A persons sits with a milky coffee in front of them New research suggests Generation Z want to stop drinking dairy. Credit: Adobe Stock - Media Credit: Adobe Stock

Almost Half Of Gen Z Feel Shame Around Ordering Dairy, Study Finds

Dairy giant Arla blames "cancel culture" for the widespread shift in people's diets

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2 Minutes Read

A new study suggests that almost half of Generation Z feel shame around ordering dairy products.

The research, by dairy company Arla, examined the rise of social media and its influence on people’s diets. According to the findings, more than a third of Brits make dietary choices based on information they found on social media.

It also uncovered that while 42 percent of respondents felt confused about sustainable eating, 75 percent were concerned for the future of the planet. More than a quarter felt that cutting out animal products was the best thing for the environment.

And despite the fact that the majority of Gen-Zers would “prefer” to drink dairy, more than half still intend to give it up in the next year, the research found.

The purpose of Arla’s study was to dissuade people from making “drastic decisions” around diet based on social media. It also blamed the “rise in cancel culture” for its influence on food decisions.

While social media is undeniably renowned for giving a platform to misinformation, there is credible research that suggests a move away from animal products is essential to mitigate the climate crisis.

Dairy’s environmental impact

For example, back in 2018, the biggest-ever food analysis found that ditching meat and dairy is the “single biggest way” to reduce a person’s environmental impact.

Oxford University researchers evaluated data from 40,000 farms around the world and assessed their impact on the planet, from greenhouse gasses to land use to water waste.

At the time, researcher Joseph Poore said: “[A vegan diet’s impact] is far bigger than cutting down on your flights or buying an electric car.”

The meta-analysis found that dairy milk is responsible for nearly three times the emissions of any plant-based alternative.

Arla acknowledges that animal agriculture has its problems. The dairy giant stated that its milk has “half the emissions of the global average,” and it plans on reducing these further.

“We know that farming is not without its challenges and when it comes to dairy farming and the climate crisis, we have many hills to climb to reach our target of achieving carbon net-zero by 2050,” said Graham Wilkinson, Arla’s Senior Group Agriculture Director.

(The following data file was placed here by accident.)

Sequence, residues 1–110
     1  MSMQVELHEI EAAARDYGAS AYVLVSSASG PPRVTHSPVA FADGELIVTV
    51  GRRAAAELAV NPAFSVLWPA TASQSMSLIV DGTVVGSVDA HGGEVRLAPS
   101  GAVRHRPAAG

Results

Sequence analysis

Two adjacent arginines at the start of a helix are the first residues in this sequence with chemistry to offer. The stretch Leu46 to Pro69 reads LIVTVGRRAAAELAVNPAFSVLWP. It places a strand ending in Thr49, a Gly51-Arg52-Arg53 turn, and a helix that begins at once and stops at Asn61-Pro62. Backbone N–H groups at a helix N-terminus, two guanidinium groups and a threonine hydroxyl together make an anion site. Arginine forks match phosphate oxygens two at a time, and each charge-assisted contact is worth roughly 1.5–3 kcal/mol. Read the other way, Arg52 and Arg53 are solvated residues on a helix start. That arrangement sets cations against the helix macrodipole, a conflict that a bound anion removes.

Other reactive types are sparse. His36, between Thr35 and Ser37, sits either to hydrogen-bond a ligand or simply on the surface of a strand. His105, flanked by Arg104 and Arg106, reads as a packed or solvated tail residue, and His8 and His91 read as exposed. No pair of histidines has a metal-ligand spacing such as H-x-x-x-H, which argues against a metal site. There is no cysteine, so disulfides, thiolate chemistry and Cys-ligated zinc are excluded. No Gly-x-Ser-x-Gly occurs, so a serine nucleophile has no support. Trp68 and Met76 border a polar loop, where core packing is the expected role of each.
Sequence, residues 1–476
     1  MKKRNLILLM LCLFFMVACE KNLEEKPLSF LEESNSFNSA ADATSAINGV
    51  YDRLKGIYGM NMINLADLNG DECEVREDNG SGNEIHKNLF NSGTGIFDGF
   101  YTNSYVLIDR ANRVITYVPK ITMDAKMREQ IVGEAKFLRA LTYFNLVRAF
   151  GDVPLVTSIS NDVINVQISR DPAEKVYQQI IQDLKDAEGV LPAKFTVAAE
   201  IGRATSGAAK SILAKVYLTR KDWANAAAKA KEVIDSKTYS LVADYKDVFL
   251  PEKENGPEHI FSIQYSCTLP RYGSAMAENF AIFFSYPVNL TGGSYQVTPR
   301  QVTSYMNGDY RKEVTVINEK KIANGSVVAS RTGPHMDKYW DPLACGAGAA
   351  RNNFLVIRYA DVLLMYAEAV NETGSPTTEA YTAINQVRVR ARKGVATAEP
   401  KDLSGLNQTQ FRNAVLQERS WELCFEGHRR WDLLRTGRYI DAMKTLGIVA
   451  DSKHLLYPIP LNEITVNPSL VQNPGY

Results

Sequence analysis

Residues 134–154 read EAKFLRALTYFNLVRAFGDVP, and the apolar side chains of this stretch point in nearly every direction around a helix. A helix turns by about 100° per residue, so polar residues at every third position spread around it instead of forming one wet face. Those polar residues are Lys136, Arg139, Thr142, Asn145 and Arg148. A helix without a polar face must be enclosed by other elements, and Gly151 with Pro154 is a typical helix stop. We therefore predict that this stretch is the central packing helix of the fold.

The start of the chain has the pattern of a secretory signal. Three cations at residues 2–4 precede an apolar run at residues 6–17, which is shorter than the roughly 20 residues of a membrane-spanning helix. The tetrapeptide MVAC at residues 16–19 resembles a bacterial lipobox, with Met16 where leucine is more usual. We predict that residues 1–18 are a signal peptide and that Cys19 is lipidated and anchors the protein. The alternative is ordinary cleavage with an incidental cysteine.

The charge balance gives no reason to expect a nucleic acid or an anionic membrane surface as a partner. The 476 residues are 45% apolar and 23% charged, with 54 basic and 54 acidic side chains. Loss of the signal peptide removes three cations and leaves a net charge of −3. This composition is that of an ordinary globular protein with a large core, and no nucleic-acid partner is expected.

He added that Arla farmers “are taking action” and “working to drive real change.”

According to Poore’s research, oat and soy milk come out best for the planet in terms of emissions, land use, and water use.

Animal agriculture is the world’s biggest user of land and emits 14.5 percent of global greenhouse gas emissions. And, according to the study, drinking one glass of dairy milk per day for a year uses the water equivalent of 703 eight-minute-long showers. 

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The Author

Charlotte Pointing

Charlotte writes about sustainable beauty, fashion, and food. She spent more than 4 years editing in leading vegan media, and has a degree in history and a postgraduate in cultural heritage.

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Robbie Lockie
Admin
3 months ago

Such interesting news!

Holger Lundstrom
Holger Lundstrom
3 months ago

It’s funny because if everybody went vegan, we would have no use for grasslands and food would have to be imported from other countries, producing even more CO2. Also the claim that “going on a vegan diet does a lot more than cutting down transportation” is complete nonsense, because it will vastly depend on the initial consumption and travel habits. If you hear a scientist make a blanket statement like that, instead of a more neutral statement like “meat consumption can contribute as much as travelling” then you know he’s not a scientist, but an ideologue. Or he’s trying to sell you something to get more funding.

Plant Based News Admin
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Plant Based News Admin
1 month ago

Thanks for your comment. We don’t have to have a ‘use’ for all of nature, letting it rewild is beneficial for our planet. Transportation emissions are a fraction of total food emissions from animal products, in fact, plant products from across the world are still significantly less detrimental emissions wise than animal products from next door.
Of course it depends on initial consumption and travel habits, but nobody is travelling as frequently as they’re eating, so making the decision to go plant-based is immediately making a difference. https://ourworldindata.org/food-choice-vs-eating-local

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